As we celebrate the one year anniversary of the Tony winning musical Once, we have a guest blog from a fan on how seeing the show changed her life.
Once … Upon A Time …
There was a musician that happened to be visiting New York City. And a chance encounter with a stranger in a hotel lobby lead this musician to the Broadway show of Once. And what this musician wanted was a sign, something blatant, that would push her through her insecurities and the safety of her home in Seattle, to take the risk and stay in New York.
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Sitting there in the balcony section of Once, even from a distance and with not-so-perfect vision, it was obvious that Steve Kazee was quietly handsome and Cristin Milioti funny and strong-willed. I sat there, half-watching the story (already knowing how it ends) and half-asking myself “Can I take the risk he takes? Can I believe in myself that much?”
I’m not sure how much of Once is based on facts and how much is written in for dramatic effect, but it doesn’t matter because the overall story is what inspires us, causes us to wonder “Could I do that too? Could I risk it all?” To say that New York City is full of artists and visionaries is an understatement. The hugeness of the talent-pool is overwhelming, and the number of people who resign from pursuing their dream is heartbreaking. It is this hugeness and the fear of failure that intimidates so many of us – while inspiring others – to take the plunge and allow ourselves to be a small fish in an ocean of drive and talent.
It is this internal/external battle that makes this story so beautiful (besides the music, of course). It is the typical tale of a guy with a dream to become a songwriter that meets a girl who loves his music, and how she pushes him to pursue his passion. She encourages him to leave his bag of insecurities behind, journey from Ireland to New York and risk it all. He is the yin and she is the yang; they need each other. Her intentions are sincere and from a place of love: she helps him record a demo CD, refashions him, and believes in him ¬– something he seems to have forgotten how to do for himself. She has little to gain by helping him, she just loves his music. It’s as if she serendipitously falls in love with the music, and then him. As an audience member, you can’t quite put your finger on it. You just know truth when you see it, when you feel it.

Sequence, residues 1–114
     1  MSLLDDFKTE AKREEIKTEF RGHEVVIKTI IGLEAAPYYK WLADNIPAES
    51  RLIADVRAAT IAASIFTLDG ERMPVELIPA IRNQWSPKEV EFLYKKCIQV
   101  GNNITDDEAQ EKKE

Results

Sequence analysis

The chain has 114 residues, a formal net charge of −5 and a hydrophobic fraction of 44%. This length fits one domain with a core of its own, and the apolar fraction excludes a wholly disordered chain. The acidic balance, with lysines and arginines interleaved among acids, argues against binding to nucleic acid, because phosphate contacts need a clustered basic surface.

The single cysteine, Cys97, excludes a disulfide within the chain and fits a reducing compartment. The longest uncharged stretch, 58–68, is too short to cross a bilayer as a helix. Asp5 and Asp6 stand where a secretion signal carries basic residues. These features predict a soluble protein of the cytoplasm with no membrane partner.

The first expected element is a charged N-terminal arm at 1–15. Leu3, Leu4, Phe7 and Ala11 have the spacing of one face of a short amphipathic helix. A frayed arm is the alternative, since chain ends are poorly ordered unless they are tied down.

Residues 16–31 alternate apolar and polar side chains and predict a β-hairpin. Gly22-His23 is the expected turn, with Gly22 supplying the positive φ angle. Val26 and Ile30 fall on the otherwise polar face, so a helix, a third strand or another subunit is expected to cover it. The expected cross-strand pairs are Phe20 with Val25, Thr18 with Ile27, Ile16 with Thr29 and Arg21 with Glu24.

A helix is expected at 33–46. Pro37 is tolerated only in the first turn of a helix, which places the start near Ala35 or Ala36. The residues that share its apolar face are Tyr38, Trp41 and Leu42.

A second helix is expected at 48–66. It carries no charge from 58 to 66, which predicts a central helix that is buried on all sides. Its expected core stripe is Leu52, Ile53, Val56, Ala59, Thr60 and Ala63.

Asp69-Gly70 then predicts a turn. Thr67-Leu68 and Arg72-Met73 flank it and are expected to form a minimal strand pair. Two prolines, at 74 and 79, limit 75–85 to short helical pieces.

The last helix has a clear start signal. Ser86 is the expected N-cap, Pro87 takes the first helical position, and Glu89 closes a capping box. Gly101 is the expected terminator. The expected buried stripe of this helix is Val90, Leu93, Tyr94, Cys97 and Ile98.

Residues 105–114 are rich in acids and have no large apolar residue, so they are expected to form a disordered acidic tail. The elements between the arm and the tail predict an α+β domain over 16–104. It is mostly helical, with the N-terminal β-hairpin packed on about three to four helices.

When the two sing “Falling Slowly,” something beyond words happens. It felt like the room stopped breathing, not because we wanted to miss the moment but because the moment was there, in front of us, and we had to feel it.
And that was it. That was the sign. Gurus tell us “listen to your body … listen to your intuition.” During this one song (and almost every time I hear it) little hairs on my neck stand up. It’s cliché, but perhaps when our intuition speaks to us, it speaks to all of us in a similar way. It hits us in the same place.
I’m happy to report that I’m still here in New York! Instead of boarding the return flight back to Seattle, I found a place to live in Brooklyn. Every day I am here in this magical city, every moment spent working on music, writing songs, performing shows, or practicing guitar, is a blessing and much less monster-esque than my imagination made it out to be. I want to express my gratitude to Guy and Girl for the unforgettable performance and for “the sign,” to Glen Hansard for writing such a beautiful song, and to Markéta Irglová for her strength and faith …
You have suffered enough
And warred with yourself
It’s time that you won
Take this sinking boat and point it home
We’ve still got time
Raise your hopeful voice you have a choice
You’ve made it now
Falling slowly sing your melody
I’ll sing it loud
– Lijie Yang